Others, however, insist the risk from primary and secondhand vapour is negligible. ‘If anything, the harm seems limited to low levels of nicotine and particulate matter,’ says David Abrams, executive director at The Schroeder Institute for Tobacco Research and Policy Studies, and professor at The Johns Hopkins Bloomberg School of Public Health in the US. Abrams says the studies he has seen show the second hand vapour may be at such low levels as to be virtually undetectable in bystanders — except for nicotine at about 1/10th the level of a conventional cigarette. ‘Basically I think some in the tobacco control community are doing everything they can to downplay the benefits of e-cigarettes, mislead with fear mongering and are demonising them without good data to support their fears,’ he adds. ‘There is overwhelming evidence that any risk to bystanders is completely trivial.’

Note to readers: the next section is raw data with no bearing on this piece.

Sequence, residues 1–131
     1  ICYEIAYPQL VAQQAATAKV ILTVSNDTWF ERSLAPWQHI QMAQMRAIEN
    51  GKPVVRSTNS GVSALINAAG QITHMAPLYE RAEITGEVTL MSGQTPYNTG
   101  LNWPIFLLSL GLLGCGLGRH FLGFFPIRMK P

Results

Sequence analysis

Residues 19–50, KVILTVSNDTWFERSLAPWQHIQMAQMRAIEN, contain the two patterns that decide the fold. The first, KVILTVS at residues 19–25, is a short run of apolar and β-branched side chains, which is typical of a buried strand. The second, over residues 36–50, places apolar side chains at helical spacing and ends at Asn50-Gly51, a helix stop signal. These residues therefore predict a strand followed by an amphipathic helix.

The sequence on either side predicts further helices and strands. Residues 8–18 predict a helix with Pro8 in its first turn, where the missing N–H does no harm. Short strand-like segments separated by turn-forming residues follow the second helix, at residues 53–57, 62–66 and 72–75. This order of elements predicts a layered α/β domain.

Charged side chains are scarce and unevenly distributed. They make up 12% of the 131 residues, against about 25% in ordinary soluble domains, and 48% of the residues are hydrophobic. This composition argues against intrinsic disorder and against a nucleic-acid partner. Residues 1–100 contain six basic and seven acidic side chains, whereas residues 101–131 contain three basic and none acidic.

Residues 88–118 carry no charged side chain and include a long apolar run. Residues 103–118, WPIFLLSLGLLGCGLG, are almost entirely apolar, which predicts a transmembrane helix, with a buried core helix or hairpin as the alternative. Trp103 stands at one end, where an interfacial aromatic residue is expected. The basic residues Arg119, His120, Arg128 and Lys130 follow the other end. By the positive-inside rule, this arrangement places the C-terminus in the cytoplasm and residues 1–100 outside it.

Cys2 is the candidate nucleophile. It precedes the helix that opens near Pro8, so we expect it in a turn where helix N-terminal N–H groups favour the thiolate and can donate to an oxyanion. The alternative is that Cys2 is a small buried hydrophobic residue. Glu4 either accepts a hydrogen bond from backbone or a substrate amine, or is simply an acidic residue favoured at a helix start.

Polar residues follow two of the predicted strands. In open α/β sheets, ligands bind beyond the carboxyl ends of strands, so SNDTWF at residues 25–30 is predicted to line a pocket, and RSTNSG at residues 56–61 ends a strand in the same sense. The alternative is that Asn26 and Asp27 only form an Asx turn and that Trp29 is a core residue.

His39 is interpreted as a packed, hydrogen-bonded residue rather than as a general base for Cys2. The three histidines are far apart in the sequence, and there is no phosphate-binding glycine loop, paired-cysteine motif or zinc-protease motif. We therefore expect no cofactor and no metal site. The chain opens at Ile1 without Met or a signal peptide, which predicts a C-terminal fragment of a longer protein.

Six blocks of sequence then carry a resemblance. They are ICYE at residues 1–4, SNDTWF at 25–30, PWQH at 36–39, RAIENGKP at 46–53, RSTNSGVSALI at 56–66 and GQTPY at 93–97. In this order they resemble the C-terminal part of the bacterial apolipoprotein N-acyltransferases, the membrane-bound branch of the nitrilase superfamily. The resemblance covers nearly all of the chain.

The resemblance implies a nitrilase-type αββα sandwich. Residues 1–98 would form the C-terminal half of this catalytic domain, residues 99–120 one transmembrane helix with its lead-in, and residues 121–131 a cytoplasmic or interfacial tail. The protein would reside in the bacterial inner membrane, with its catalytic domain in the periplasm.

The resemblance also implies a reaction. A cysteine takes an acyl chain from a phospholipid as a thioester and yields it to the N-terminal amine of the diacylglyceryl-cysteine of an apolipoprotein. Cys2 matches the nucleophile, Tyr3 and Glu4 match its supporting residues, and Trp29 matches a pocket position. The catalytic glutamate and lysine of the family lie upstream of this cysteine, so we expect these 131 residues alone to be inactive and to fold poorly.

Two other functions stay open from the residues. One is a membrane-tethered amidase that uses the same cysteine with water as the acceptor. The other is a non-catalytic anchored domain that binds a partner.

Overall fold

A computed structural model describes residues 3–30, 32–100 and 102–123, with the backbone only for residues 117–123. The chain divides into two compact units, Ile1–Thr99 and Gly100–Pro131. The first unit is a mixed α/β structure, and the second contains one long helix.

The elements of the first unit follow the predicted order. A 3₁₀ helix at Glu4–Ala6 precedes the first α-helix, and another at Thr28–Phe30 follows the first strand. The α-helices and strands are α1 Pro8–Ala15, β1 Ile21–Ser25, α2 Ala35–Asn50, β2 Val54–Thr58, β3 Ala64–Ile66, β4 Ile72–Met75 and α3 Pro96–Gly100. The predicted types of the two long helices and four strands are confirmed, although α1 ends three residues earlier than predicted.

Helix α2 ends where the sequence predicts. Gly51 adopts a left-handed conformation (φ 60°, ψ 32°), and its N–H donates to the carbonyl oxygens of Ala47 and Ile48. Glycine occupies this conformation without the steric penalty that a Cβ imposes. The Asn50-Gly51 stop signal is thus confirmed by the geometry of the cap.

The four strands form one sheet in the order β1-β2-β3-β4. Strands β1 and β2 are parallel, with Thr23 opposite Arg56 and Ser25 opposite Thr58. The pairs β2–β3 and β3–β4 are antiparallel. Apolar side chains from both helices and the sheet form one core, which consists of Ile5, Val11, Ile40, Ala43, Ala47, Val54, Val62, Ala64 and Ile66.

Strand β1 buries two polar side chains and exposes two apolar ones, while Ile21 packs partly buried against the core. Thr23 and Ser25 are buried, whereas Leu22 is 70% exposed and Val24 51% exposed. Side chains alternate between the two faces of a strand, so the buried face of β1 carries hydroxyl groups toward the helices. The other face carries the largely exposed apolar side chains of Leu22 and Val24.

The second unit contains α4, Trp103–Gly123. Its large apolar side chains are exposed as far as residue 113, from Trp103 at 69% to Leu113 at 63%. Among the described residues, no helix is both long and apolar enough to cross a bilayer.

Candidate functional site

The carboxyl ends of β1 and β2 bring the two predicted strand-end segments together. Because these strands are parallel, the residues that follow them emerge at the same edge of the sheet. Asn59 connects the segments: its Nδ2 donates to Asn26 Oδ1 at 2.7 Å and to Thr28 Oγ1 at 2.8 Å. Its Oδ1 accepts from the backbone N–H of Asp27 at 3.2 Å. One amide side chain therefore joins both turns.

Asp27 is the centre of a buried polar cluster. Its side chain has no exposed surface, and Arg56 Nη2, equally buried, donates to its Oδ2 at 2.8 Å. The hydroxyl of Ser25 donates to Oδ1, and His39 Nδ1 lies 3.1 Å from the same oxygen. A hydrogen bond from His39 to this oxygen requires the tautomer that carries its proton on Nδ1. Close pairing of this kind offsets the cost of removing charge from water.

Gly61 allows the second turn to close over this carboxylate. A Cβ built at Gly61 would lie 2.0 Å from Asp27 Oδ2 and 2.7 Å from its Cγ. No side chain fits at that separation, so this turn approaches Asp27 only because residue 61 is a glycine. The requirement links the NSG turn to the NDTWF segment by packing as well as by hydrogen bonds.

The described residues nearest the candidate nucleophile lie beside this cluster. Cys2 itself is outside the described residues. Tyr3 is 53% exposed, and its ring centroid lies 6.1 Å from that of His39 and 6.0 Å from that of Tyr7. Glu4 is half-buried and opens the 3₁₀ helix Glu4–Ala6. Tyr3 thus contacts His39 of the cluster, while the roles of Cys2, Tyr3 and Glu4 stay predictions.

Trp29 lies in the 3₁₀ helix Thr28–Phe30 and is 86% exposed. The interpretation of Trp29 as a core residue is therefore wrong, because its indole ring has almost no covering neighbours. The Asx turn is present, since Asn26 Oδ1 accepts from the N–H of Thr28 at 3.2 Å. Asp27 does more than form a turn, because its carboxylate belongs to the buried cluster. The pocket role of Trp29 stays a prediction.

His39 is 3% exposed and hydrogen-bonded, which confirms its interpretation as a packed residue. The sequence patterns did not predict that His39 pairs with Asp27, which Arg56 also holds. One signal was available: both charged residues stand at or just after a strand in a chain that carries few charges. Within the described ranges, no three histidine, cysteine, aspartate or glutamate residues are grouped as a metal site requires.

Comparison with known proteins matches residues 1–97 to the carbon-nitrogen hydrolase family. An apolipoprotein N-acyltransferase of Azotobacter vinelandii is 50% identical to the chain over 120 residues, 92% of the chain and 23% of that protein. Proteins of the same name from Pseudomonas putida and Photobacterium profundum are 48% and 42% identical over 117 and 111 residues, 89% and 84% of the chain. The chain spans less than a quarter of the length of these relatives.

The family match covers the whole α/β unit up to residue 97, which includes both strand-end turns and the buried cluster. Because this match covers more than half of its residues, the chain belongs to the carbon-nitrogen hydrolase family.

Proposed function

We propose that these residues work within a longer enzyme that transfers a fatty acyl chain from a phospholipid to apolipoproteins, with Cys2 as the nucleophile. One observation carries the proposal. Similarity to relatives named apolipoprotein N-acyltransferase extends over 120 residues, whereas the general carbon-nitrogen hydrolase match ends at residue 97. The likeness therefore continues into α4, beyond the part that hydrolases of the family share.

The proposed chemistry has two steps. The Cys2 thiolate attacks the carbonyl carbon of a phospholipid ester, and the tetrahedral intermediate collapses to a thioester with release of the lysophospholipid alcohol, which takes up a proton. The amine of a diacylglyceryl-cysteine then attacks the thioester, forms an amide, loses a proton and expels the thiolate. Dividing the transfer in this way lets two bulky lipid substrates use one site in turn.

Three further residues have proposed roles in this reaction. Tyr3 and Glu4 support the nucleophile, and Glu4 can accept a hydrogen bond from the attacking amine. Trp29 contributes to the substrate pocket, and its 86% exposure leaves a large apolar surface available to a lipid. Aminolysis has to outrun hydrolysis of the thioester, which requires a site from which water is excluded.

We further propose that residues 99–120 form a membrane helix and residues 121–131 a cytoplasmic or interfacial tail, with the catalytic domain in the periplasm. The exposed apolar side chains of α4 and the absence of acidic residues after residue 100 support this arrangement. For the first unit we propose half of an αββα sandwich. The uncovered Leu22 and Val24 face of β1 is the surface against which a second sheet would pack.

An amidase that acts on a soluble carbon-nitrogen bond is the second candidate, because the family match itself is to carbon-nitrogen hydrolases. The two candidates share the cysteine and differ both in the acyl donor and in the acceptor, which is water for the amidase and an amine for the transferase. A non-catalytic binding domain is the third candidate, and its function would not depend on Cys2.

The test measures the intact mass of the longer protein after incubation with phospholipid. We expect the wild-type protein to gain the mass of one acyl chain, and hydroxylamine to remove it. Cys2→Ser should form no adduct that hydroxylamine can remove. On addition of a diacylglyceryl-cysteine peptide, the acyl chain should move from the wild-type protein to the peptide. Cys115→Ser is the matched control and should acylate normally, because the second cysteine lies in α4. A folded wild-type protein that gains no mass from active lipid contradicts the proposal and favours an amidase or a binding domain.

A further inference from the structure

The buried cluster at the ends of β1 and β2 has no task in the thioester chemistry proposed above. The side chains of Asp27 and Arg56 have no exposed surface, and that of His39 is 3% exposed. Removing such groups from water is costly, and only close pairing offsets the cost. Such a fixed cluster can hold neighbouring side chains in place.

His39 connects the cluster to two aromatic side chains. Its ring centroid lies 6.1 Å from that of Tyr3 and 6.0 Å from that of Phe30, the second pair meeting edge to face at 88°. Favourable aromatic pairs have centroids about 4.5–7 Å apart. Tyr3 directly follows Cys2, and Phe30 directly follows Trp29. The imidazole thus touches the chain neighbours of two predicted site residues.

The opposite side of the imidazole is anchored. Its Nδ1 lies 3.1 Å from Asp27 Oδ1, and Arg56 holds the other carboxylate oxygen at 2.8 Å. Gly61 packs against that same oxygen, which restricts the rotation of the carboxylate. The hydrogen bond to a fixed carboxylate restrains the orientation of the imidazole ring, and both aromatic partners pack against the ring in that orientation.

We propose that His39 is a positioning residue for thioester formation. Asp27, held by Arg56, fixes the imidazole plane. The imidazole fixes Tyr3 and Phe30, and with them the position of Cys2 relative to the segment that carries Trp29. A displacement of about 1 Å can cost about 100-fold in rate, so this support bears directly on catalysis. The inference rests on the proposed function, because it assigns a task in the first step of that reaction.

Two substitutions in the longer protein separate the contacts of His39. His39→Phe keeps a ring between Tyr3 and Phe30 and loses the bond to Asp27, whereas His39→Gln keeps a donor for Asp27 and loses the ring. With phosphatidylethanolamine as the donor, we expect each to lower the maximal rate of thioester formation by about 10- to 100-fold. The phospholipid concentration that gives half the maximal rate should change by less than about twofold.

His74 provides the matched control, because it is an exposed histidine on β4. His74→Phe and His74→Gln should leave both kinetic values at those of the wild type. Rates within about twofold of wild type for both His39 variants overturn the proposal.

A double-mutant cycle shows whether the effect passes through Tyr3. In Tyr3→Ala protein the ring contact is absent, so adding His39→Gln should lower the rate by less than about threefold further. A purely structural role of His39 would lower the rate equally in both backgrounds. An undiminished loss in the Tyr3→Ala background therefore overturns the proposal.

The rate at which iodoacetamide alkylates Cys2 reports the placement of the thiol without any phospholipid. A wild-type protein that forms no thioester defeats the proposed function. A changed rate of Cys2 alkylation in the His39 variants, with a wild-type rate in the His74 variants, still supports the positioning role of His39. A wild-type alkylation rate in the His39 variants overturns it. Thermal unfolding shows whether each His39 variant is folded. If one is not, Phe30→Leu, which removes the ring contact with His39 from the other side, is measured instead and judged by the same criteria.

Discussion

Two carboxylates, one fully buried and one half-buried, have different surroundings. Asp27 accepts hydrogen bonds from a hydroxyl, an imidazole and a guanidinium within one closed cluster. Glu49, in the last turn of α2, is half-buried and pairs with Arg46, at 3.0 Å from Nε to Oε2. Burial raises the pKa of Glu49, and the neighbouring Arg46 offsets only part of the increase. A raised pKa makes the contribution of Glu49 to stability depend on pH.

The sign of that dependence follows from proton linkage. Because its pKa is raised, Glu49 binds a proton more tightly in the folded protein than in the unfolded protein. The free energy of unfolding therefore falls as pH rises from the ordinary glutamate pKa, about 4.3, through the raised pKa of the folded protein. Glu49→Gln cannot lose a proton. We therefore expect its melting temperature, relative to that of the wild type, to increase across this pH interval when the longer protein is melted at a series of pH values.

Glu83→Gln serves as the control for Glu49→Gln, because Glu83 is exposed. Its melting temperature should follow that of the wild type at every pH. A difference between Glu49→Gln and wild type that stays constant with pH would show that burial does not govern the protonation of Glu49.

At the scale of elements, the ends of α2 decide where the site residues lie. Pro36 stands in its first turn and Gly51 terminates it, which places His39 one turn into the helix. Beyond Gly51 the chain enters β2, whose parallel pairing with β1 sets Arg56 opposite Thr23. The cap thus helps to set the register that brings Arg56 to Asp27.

Indeed, a study published in Tobacco Control shows that the levels of toxicants in e-cigarette vapour is 9–450 times lower than in cigarette smoke and are, in many cases, comparable with trace amounts found in the reference product (doi:10.1136/tobaccocontrol-2012-050859).

While there can be contaminants or heat-related breakdown products of the ingredients of liquids, so far these have been shown to be few and at low concentrations for normal device operating temperatures, adds Bates. ‘Because the vapour itself largely comprises benign substances, there is little basis for concern about secondhand vaping beyond its nuisance effect, which is much less than for cigarette smoke.’

Nicotine, not tobacco